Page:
Panic Scenes in a Green Room
on Christine Chubbuck’s suicide, hers the type
of public spectacle that pits a noxious smell
in the stomach, which I find to be a far-out,
wholly alien emotion responding to the difficulty
of a strange death. Freshly attuned to my own
come to this (the gray tunnel with no exit light, no door)
I would finish myself in some forested grave,
send notice by way of time-slated emails
complete with detailed coordinates. I’d
ask somewhat pedantically that folks keep
themselves well, that they keep this quiet,
that they keep in mind that my intention
was to keep them from this, that they
have only me to blame for my death.
The loss of a life should be no pageant,
no extravaganza, I would proclaim, if life is
itself the true celebration. My juvenile awe
toward the mere fact of existence would
likely have vacated by this point, and I
would encourage my survivors to keep
theirs intact. Of course, I would encourage them
to write, to write freely and openly
about themselves and the others around them,
to persevere, to explore their deepest pools
of being, to birth them into this white light,
the ascetic maternity ward of the page, and
I’d implore them to write about their worlds:
the cold streams sweeping briskly through
brown woods; those sparrows fighting a wind;
all the green and yellow a person can breathe
from the top of a hill; and of course the punctured,
moonlit sky, into which even I have dreamed. I love you,
I would write, but I’m turning to my vices and
my heart is closing like a fist. Be calm, I would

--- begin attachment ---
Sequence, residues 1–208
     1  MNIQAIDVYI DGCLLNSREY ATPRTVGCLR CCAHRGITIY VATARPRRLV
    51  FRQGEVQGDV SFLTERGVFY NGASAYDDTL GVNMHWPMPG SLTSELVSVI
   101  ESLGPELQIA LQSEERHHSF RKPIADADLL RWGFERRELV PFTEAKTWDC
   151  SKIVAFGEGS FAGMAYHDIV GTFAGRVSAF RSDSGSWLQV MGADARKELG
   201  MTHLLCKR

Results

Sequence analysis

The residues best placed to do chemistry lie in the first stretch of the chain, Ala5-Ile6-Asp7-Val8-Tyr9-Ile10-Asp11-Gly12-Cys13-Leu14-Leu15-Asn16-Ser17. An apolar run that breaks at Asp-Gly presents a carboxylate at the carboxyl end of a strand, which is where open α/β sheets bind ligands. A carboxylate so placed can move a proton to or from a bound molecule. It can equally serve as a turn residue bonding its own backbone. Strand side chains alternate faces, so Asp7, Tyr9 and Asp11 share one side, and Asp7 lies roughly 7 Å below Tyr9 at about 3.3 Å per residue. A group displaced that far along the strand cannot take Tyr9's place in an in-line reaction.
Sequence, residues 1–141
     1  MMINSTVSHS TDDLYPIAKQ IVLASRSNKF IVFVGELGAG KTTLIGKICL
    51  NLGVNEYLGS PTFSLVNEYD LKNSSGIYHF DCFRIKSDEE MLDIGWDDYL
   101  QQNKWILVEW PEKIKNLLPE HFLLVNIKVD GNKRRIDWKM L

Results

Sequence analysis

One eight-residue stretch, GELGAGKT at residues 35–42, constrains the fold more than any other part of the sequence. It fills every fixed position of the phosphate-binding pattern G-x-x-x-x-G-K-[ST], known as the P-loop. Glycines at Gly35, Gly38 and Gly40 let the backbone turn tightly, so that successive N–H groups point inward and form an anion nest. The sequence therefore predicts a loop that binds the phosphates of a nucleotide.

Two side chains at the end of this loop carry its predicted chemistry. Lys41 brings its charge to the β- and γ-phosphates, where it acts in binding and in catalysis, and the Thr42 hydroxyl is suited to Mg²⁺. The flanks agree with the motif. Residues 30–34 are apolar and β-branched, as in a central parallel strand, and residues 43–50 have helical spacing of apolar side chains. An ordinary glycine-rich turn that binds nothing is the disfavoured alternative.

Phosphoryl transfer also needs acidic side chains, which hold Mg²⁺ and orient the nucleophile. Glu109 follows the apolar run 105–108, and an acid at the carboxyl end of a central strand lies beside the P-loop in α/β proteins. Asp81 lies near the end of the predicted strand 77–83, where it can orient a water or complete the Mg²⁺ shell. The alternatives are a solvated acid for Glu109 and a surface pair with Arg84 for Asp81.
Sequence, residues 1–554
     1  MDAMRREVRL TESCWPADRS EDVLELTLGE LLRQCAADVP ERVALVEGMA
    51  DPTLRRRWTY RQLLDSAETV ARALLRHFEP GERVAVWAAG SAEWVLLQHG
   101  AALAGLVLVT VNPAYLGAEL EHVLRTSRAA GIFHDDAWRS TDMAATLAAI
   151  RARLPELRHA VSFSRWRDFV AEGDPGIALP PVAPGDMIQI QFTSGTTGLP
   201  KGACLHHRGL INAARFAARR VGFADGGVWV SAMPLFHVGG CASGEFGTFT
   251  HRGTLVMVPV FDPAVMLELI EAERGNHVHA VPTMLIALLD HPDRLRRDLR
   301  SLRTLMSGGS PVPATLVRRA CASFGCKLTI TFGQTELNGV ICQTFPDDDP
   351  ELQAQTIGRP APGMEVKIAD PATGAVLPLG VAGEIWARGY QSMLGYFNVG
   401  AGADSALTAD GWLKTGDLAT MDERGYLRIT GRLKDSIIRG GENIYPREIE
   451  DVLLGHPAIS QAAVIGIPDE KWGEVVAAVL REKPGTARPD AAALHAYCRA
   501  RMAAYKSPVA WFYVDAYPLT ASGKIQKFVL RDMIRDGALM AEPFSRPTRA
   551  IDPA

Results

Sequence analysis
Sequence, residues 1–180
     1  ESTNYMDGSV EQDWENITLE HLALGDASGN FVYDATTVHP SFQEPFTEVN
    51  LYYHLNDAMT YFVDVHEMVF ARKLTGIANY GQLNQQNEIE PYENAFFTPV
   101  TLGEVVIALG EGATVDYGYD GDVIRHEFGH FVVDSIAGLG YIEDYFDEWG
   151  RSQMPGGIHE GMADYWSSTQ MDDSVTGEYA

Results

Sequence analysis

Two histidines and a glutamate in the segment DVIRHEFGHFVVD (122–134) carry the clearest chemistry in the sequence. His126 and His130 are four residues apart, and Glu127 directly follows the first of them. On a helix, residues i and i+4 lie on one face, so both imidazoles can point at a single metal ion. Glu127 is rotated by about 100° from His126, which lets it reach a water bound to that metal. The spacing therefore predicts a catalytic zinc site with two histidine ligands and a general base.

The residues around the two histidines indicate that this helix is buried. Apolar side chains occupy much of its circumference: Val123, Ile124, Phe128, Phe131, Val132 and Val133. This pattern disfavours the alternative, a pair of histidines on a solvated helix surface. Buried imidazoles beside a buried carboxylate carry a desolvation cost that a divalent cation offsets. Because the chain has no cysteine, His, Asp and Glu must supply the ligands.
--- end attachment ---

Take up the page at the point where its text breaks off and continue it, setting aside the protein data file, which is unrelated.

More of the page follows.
tell them, for while I am candidly deceased, a body
of cells already decomposing as you are reading this,
While Reading the Wikipedia Page on Pleiades
There’s something screeching outside my window,
a train braking sharp on some tracks or—
I don’t know.
It’s gone now.
I do know that in the east,
moments before the earth clocks to meet the sun,
the sky assumes a state
of orange ataraxy, one
in which a person sometimes dreams
herself asleep, and if not for timeless spinning
of the planet on its axis,
in this galaxy always leaning
toward a fruit-type rot date,
a person could forget
she ever lived on earth at all.
This is sheer hypothesis, I know, dependent largely
on impossible variables
so far removed from the basis of reality
that the suggestion feels meaningless
and ineffective and impure.
But if you’d imagine for a second
a young couple still believing
on a dewy, aluminum pier
with the river unraveled as far as vision goes
and a tangerine egg half
rising out of the ashes of night
or, rather, into it,
and if you’d just go ahead
and sit behind them for an hour,
let them tongue and speak
of the differences between this day
and the last one…
no, you wouldn’t understand.
Once, after high school, I asked my little sister
if she thought I had changed. I felt much different
but knew even at this point
that if the inward would ever manifest itself
on the outward, it would unlikely be instantaneous.
You’re the same, she said,
only now you seem to understand more.
Of course the opposite was true.
The Crisis of Infinite Dirt
In a terrace, in a cordoned garden plaza,
oak trees grew at twice the expected rate, lived
one-third as long as usual. Was it the sky? A case
of precipitation blessing with breakneck time?
On Tuesday a mother pulled her girl to her breast
on a lacquered wooden bench and told her
vaguely that Natives cast a sacrificial spell
in the air for good harvest some many moons ago.
Oh, she thought. Oh, the girl thought again, and the wind
swept through the branches nodding somnolently.
At this point the mother flinched her eyes to the girl
in search of chasms widening. The two wrens keeping watch
from their perch in the tree noted only
the husky, predatorial shapes below. And the girl—
our girl? Well by then she’d long been dreaming.